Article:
> -3, +5, -5, -12, +12. Maybe just might be on the outside of the power
> supply, (connector pinout).
> > 
> > The power supply likely not only supplies the voltages, but also communicates 
> > with the motherboard somehow (about temperatures at least).
> > 
> > You may try to look at the pins with an oscilloscope.
> > 
> > As for DC-DC converters, you may end up having to do custom PCB design and 
> > whatnot: I presume that those supplies are pretty "stiff" on their 3.3V 
> > outputs, and with the power they transfer you will have to know what you&#039;re 
> > doing.
> > 
> > It&#039;s one thing to make a 1W DC-DC based on an application note. A PC supply 
> > like you want to make will take at least a well equipped lab and someone with 
> > some experience (or otherwise brilliant and really understanding physics). 
> > You&#039;d want it to be CE-compliant as far as emissions go, at least. Not a 
> > small undertaking. As far as the server goes, with all the holes you&#039;ve 
> > punched through the case, it probably already is not in compliance for 
> > emissions. Adding your own power supply will, at first try, likely drown out 
> > most of the long, medium and shortwave radio in the neigboring apartments. 
> Yea sure will, bring out the ferrite and torroids!! Also the capacitors.
> > Not a nice thing to do. Power-efficient DC-DC converters run at lower 
> > frequencies (say 50kHz) and they radiate like hell by default ;)
> I smell a Ham Radio Operator?
> > You may want to look into the power supply and find out whether it has a PFC 
> > (power factor corrector). If it has, and it&#039;s a separate block, then the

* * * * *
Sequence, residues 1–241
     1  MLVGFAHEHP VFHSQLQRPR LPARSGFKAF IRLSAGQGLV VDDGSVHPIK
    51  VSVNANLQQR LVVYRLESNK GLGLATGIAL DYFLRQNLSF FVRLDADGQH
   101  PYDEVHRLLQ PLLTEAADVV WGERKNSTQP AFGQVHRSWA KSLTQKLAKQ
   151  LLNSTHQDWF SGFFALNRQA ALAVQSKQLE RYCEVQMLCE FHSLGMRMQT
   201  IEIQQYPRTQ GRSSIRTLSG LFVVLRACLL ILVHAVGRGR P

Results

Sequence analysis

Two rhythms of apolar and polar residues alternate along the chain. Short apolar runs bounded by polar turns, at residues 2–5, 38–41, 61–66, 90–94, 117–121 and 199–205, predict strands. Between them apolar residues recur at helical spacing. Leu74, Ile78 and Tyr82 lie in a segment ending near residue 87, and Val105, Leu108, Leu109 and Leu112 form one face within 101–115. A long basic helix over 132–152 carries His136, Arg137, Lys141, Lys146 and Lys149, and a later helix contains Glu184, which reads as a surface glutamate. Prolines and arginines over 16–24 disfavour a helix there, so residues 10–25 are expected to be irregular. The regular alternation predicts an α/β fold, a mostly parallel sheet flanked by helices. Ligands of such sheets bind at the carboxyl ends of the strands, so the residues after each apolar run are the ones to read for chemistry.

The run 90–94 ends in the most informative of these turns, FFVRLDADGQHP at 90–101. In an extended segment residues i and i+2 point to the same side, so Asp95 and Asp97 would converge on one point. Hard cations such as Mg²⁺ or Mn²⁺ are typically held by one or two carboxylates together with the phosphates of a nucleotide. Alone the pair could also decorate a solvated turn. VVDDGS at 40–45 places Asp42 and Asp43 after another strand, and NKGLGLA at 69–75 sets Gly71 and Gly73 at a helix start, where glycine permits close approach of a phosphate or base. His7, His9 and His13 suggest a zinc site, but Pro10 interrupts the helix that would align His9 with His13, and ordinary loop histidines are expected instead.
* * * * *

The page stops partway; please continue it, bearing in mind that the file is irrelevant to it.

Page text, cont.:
> > DC-DC is designed to run off 300V and isn&#039;t that easy to interface to. If 
> > there&#039;s no PFC, you will be able to power it with 100V DC going directly to 
> > the far side of the rectifier -- those supplies take AC, rectify, and then do 
> > DC-DC.
> > 
> > If there&#039;s a PFC, *and* you&#039;d be brave, you can always rewind the primary on 
> > the high-frequency transformer in the DC-DC converter with 1/3 of the turns 
> > of a slightly thicker wire, so that the DC-DC would run on 100V DC instead of 
> > 300V. A PFC is a step-up converter, and its output will be in 280-350V range, 
> > depending on how it was designed. Getting rid of PFC and doing a DC supply 
> > will save you 10-15% on efficiency (assuming your DC source is 100% 
> > efficient). Measure it all first, of course.
> > 
> > You may just as well use a 9 x 12V batteries connected in series. They can be 
> > on-line-charged using regular, line-frequency transformer-based power 
> > supplies, as those will by default have a primary-to-secondary insulation 
> > that can take a 100V offset. Not pretty, but simple, and way simpler than 
> > making your own supply from scratch.
> And by that means of using batteries, it will filter some of the RF
> Hash. AC is Nothing but High Level RF.
> > 
> > By the way, the power supply should take ~120V DC without any modifications.  
> > Oh, the joys of switching power supplies :)
> I wonder if it is going to oscillate?
> > 
> > Cheers, Kuba
> > 
> > _______________________________________________
> > Linux-PowerEdge mailing list
> > Linux-PowerEdge at
> >
> > Please read the FAQ at
> -- 
> ~/john
> OpenPGP Sig:BA91F079
> _______________________________________________
> Linux-PowerEdge mailing list
> Linux-PowerEdge at
> Please read the FAQ at

More information about the Linux-PowerEdge mailing list